The aggressive targeting by container lines of the MPV (multipurpose vessel) market with “rock bottom” rates is set to continue, according to Drewry.

In its recently published Multipurpose Shipping Market Review and Forecast 2016, the shipping consultant says the past 12 months have been “dreadful” for the MPV market.

It says weak demand, coupled with falling commodity prices and the oversupply of tonnage in competing sectors, has brought freight rates down to levels not seen since the global financial crisis.

The main competition for MPVs has come from handy bulk carriers and containerships, where in the case of the latter, it says operators were prepared to offer rates at “close to zero” to fill empty slots on their ultra-large vessels.

And Drewry warns that given the container market is not expected to show any improvement for “two or possibly three years”, it’s likely that container carriers will “continue to aggressively target breakbulk and project cargo for the foreseeable future”.

Susan Oatway, lead analyst for multipurpose shipping at Drewry, commented: “We expect the effective demand for the MPV fleet to return to a positive trend with average annual growth of 2.7% to 2020. However, the growth will be very subdued through 2016 and will not show any significant improvement until the end of 2017.”

Part of Ms Oatway’s caution is due to the aggressive competition element from the other sectors, but there is also concern over the lack of project finance.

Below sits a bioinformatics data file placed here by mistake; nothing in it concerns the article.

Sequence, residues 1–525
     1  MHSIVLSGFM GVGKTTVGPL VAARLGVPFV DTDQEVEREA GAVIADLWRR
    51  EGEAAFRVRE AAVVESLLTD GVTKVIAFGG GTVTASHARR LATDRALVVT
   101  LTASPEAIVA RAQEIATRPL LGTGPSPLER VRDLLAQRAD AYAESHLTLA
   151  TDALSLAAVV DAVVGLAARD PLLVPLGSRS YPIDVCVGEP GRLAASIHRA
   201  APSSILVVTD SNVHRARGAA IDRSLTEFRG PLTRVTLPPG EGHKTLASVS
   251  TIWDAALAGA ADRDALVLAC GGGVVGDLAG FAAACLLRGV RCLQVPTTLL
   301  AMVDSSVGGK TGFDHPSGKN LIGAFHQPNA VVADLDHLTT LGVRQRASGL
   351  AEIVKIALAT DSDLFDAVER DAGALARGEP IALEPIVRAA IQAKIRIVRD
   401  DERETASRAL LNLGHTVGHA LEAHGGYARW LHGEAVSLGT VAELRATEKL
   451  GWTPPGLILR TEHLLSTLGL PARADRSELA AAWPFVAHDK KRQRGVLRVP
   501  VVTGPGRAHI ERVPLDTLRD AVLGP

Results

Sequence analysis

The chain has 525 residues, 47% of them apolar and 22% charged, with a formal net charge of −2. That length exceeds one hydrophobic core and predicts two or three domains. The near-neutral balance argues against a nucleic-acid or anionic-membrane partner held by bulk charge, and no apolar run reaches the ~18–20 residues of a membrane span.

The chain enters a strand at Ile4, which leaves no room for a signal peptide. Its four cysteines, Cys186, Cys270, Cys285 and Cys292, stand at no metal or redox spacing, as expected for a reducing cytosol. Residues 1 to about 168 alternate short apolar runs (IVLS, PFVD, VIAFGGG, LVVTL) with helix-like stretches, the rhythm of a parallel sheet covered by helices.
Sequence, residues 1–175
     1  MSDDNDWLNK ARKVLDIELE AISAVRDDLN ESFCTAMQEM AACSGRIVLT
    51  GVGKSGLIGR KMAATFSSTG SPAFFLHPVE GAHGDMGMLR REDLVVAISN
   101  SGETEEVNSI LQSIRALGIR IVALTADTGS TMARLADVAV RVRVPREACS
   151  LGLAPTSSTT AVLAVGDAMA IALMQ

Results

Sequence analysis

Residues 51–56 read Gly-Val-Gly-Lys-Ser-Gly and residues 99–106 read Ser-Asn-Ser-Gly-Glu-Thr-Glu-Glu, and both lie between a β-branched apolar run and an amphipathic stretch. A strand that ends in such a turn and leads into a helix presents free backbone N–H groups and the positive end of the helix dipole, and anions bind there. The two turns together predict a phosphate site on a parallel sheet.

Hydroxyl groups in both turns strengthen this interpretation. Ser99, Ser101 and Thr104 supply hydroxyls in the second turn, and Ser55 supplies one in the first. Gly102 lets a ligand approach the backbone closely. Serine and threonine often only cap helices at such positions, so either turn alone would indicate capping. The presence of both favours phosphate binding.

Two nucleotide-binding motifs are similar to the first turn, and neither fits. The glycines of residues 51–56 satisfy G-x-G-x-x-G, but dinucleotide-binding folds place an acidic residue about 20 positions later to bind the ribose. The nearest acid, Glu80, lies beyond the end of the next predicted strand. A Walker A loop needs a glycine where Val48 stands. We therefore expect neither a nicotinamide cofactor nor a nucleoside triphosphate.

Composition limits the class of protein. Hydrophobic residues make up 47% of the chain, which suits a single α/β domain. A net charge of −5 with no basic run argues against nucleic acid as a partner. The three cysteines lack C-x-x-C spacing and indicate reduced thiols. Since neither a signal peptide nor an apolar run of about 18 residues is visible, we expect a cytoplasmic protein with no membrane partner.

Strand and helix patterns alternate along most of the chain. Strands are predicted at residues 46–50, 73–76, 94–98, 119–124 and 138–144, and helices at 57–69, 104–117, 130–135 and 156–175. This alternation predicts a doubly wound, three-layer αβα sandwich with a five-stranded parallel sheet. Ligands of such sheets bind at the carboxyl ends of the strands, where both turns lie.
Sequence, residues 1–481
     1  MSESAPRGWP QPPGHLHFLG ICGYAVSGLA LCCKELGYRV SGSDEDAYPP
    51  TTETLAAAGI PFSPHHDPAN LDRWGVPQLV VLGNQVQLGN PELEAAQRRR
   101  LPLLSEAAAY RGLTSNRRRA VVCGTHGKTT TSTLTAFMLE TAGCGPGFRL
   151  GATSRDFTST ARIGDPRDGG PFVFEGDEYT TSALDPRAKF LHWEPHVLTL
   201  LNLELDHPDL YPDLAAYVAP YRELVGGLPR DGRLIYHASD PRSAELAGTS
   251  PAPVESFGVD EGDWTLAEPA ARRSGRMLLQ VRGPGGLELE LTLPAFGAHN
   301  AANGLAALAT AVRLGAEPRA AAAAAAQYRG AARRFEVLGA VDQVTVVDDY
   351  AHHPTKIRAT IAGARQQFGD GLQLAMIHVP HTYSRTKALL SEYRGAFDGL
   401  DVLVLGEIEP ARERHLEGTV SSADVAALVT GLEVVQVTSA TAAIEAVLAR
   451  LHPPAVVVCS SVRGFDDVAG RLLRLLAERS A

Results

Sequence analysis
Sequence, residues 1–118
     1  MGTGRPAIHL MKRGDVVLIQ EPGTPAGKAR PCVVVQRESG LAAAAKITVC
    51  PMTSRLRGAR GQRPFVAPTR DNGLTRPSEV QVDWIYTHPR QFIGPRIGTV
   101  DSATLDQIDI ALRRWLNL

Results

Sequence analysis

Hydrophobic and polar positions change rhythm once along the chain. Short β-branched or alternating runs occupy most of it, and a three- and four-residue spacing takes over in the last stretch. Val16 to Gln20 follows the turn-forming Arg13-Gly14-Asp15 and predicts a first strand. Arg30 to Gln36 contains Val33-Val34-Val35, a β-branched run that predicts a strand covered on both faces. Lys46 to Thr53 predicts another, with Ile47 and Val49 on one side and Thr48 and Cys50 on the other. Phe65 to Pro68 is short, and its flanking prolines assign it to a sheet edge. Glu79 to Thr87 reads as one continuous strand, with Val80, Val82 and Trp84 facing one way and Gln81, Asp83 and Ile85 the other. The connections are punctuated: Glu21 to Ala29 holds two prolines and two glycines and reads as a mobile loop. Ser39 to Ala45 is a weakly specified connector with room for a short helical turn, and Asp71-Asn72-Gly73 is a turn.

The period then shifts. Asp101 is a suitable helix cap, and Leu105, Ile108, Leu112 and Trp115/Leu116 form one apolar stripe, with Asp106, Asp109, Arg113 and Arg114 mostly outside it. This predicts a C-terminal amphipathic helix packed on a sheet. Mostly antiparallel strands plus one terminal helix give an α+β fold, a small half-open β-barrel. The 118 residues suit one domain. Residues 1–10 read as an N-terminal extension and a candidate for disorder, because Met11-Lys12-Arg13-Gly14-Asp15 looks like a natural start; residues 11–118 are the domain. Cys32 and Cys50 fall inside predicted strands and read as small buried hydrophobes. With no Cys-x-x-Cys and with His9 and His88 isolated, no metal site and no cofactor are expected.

In stark contrast to the container sector, the MPV fleet is growing very slowly, says Drewry. It has assessed future newbuild deliveries, potential scrappage candidates and slippage at the yards to estimate supply growth of less than 0.5% a year until 2020.

But, given the continuing competition factor, Drewry is worried that owners of MPVs may not last the distance.

It says “there is a very real risk for the financial stability for a number of companies”, given that owners have already “borne untenable market conditions” for some time.

Nevertheless, Drewry thinks that for the fittest there is light at the end of the tunnel for the MPV market.

Ms Oatway concluded: “All this suggests that for those that can survive 2016 and position themselves with unique qualities – whether that is financial stability, good management, eco-friendly engines or extraordinary lift – there is an end to this recession.”